The band seemed to draw energy directly from the bright lights shining from above in some kind of photosynthetic ecstasy. Above a relentlessly pounded high hat and driving bass fluttered guitar licks straight out of another era as the vocalist strutted across the stage, pulling the microphone stand around with him as if it were connected to the floor by a spring, now leaning out into the crowd with a wild, wide-eyed expression, then turning to face the drummer as if that audience were not even there. It was my first time seeing Minerva, Ohio’s White Buffalo Woman and the level of showmanship was impressive.
“They’re definitely rock ‘n’ roll, not rock,” said billmate-turned-audience-member Demos Papadimas, leaning against the darkened bar at the edge of the club and sipping a beer as if his pronouncement explained everything one needed to know about the group. And in a way, it did.
White Buffalo Woman is a band that seems displaced in time. The group’s songs are short, punchy, and uncomplicated, as if crafted for the heyday of AM radio. They spring from forms dating between the birth of rock and the early 1970s, ranging through styles as diverse as country rock, blues rock, and psychedelia, appearing like archeological finds hidden beneath the dust of the modern soundscape.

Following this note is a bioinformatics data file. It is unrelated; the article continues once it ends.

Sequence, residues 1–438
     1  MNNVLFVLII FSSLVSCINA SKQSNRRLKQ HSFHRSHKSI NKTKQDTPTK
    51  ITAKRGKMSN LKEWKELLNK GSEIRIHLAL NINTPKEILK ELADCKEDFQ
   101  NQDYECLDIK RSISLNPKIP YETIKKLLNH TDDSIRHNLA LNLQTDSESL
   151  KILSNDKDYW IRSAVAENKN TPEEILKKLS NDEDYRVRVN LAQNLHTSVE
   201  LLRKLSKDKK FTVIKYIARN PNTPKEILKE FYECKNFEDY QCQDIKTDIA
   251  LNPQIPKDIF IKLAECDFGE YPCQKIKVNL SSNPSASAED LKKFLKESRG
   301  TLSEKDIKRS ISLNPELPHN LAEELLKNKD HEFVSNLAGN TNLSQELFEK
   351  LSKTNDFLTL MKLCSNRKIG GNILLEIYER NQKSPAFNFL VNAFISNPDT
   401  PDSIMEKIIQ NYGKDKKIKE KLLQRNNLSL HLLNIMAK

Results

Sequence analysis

"That is a 100% natural thing,” explains lead singer Evan Rutledge. “We don’t try to do a certain genre; we just do what is natural… what we listened to as kids… what inspired us to pick up guitar or play the drums or sing, that’s just what came out. We listened to rock ‘n’ roll and as we started playing around, that’s what came out.
“My parents had a huge influence on me,” he continues, echoing a sentiment shared by his bandmates. “You know, riding in the car, listening to the oldies stations, listening to Otis Redding, Buddy Holly, the Beatles… I mean, that was it… That’s what I grew up on… Thank god we had pretty cool parents.”
Their philosophy seems to be hit ‘em hard and leave ‘em wanting more, whether live or in the studio. No pretention, no gimmicks, no frills; just pure rock adrenaline.
“For me, I have this verse, chorus, verse, chorus, solo, chorus, chorus, chorus ingrained in my head from those old tunes,” Evan says.
“We try to stay away from the ‘jam’ genre,” adds guitarist/bassist Devin Bezeredi. Instead, the band strives for songs that are “packed and self-contained, not really that complex.” Their goal is to, “Just put it out there, two minutes long, bang it out, rather than go the more self-indulgent route where everyone has three solos.”
That simple and punchy philosophy extends to the group’s lyrics, which also feel like they stem from an earlier epoch. With few exceptions, they stay away from the metaphorical vagaries that mark the post-Dylan musical era and return to the more personal themes that filled up countless 45s.
“I get kinda bored listening to songs that I can’t relate to,” says Rutledge. “One of the things that a lot of people can relate to is relationships, maybe love or just friendship or whatever. That intrigues me and I think that intrigues a lot of people because we all have relationships, we all have shitty things that go on in our life with girlfriends or boyfriends or whatever. I want to express a little bit of me through the music and that’s what comes out.”
“I rarely write a lyric before we write the song,” he explains. “The lyrics to me are within the song. They come out in emotions and however I feel about this song, whatever’s going on in my life. If it’s a good melody, riff, or whatever. I write a melody and the lyrics just kind of spawn from that.”